A piece of art? A time-lapse photo? A flickering light show? At first glance, this image looks nothing like the images we're used to seeing from the Hubble Space Telescope. But it's a genuine Hubble frame that was released on Jan. 27. Hubble's team suspects that the telescope's Fine Guidance System locked onto a bad guide star, potentially a double star or binary. This caused an error in the tracking system, resulting in a remarkable picture of brightly colored stellar streaks. The prominent red streaks are from stars in the globular cluster NGC 288. (NASA / ESA) Back to slideshow navigation
  6. Supersonic test flight

    A camera looking back over Virgin Galactic's SpaceShipTwo's fuselage shows the rocket burn with a Mojave Desert vista in the background during a test flight of the rocket plane on Jan. 10. Cameras were mounted on the exterior of SpaceShipTwo as well as its carrier airplane, WhiteKnightTwo, to monitor the rocket engine's performance. The test was aimed at setting the stage for honest-to-goodness flights into outer space later this year, and eventual commercial space tours.

    More about SpaceShipTwo on PhotoBlog (Virgin Galactic) Back to slideshow navigation
  7. Red lagoon

    The VLT Survey Telescope at the European Southern Observatory's Paranal Observatory in Chile captured this richly detailed new image of the Lagoon Nebula, released on Jan. 22. This giant cloud of gas and dust is creating intensely bright young stars, and is home to young stellar clusters. This image is a tiny part of just one of 11 public surveys of the sky now in progress using ESO telescopes. (ESO/VPHAS team) Back to slideshow navigation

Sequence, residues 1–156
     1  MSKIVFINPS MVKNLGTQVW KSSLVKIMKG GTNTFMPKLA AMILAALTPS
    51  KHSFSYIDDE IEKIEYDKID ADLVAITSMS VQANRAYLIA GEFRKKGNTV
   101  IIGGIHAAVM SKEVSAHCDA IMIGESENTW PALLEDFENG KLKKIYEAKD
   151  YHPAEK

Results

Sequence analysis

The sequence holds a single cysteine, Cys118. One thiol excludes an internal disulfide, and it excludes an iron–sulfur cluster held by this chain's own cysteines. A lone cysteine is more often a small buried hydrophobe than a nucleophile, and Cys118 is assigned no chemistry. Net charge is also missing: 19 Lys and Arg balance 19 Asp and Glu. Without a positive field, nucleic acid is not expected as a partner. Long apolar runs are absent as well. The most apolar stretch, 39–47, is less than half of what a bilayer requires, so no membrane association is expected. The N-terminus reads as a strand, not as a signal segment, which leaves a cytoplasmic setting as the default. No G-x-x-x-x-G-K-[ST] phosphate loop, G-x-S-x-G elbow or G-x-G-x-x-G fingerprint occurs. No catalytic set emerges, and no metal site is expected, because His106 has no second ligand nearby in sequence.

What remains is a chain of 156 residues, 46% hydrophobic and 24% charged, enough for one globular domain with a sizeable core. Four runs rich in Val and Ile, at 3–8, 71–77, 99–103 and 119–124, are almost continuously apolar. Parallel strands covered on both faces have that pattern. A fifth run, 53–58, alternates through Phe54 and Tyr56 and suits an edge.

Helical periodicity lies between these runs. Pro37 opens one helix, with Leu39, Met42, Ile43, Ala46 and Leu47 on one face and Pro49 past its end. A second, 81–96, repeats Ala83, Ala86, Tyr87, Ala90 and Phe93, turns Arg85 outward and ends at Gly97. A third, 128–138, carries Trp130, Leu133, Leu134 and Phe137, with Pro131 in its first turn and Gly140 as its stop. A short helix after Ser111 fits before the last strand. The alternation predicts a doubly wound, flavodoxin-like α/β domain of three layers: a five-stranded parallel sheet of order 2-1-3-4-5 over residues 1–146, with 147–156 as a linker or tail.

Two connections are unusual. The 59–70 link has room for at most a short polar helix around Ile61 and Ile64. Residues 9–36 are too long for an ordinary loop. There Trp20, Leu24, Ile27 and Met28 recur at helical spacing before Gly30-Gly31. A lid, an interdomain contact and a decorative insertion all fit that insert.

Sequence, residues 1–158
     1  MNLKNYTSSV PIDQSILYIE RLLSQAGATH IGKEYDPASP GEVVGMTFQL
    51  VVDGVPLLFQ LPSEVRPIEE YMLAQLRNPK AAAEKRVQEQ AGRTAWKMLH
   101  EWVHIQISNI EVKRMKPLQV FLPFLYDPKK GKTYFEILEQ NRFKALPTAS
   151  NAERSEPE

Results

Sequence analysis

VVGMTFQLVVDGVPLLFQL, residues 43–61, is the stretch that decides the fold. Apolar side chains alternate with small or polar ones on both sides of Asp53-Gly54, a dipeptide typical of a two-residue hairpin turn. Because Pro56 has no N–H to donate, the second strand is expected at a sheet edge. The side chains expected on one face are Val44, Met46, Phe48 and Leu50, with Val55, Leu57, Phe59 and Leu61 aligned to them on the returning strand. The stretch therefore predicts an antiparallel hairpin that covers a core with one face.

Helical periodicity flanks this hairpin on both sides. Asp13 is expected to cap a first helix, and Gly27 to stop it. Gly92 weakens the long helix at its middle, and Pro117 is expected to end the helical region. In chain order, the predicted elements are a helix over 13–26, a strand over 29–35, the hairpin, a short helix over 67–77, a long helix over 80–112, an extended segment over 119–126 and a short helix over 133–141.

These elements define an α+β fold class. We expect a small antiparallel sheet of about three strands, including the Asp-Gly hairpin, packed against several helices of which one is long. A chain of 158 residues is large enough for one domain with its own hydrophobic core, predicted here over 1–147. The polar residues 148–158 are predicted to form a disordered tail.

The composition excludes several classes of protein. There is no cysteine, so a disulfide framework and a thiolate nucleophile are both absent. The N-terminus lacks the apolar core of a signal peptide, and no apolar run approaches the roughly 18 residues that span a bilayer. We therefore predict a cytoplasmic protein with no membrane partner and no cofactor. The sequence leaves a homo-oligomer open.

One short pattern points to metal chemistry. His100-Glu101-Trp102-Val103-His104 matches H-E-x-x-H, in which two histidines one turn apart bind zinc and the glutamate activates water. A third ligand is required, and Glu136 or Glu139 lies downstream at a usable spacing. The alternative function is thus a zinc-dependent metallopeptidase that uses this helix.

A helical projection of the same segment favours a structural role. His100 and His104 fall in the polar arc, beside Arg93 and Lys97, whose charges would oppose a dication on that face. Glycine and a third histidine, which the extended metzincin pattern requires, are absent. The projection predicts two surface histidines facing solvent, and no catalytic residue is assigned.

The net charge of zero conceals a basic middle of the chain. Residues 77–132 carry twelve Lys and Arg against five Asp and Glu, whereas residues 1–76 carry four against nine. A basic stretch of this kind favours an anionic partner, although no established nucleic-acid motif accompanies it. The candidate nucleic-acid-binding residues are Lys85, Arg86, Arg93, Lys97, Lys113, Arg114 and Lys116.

8. Fire on the mountain

    This image provided by NASA shows a satellite view of smoke from the Colby Fire, taken by the Multi-angle Imaging SpectroRadiometer aboard NASA's Terra spacecraft as it passed over Southern California on Jan. 16. The fire burned more than 1,863 acres and forced the evacuation of 3,700 people. (NASA via AP) Back to slideshow navigation
  9. Where stars are born

    An image captured by NASA's Spitzer Space Telescope shows the Orion Nebula, an immense stellar nursery some 1,500 light-years away. This false-color infrared view, released on Jan. 15, spans about 40 light-years across the region. The brightest portion of the nebula is centered on Orion's young, massive, hot stars, known as the Trapezium Cluster. But Spitzer also can detect stars still in the process of formation, seen here in red hues. (NASA / JPL-Caltech) Back to slideshow navigation
  10. Cygnus takes flight

    Orbital Sciences Corp.'s Antares rocket rises from NASA's Wallops Flight Facility on Wallops Island, Va, on Jan. 9. The rocket sent Orbital's Cygnus cargo capsule on its first official resupply mission to the International Space Station. (Chris Perry / NASA) Back to slideshow navigation
  11. A long, long time ago...

    This long-exposure picture from the Hubble Space Telescope, released Jan. 8, is the deepest image ever made of any cluster of galaxies. The cluster known as Abell 2744 appears in the foreground. It contains several hundred galaxies as they looked 3.5 billion years ago. Abell 2744 acts as a gravitational lens to warp space, brightening and magnifying images of nearly 3,000 distant background galaxies. The more distant galaxies appear as they did more than 12 billion years ago, not long after the Big Bang. (NASA / NASA via AFP - Getty Images) Back to slideshow navigation
  12. Frosty halo

    Sun dogs are bright spots that appear in the sky around the sun when light is refracted through ice crystals in the atmosphere. These sun dogs appeared on Jan. 5 amid brutally cold temperatures along Highway 83, north of Bismarck, N.D. The temperature was about 22 degrees below zero Fahrenheit, with a 50-below-zero wind chill.

    Slideshow: The Year in Space (Brian Peterson / The Bismarck Tribune via AP) Back to slideshow navigation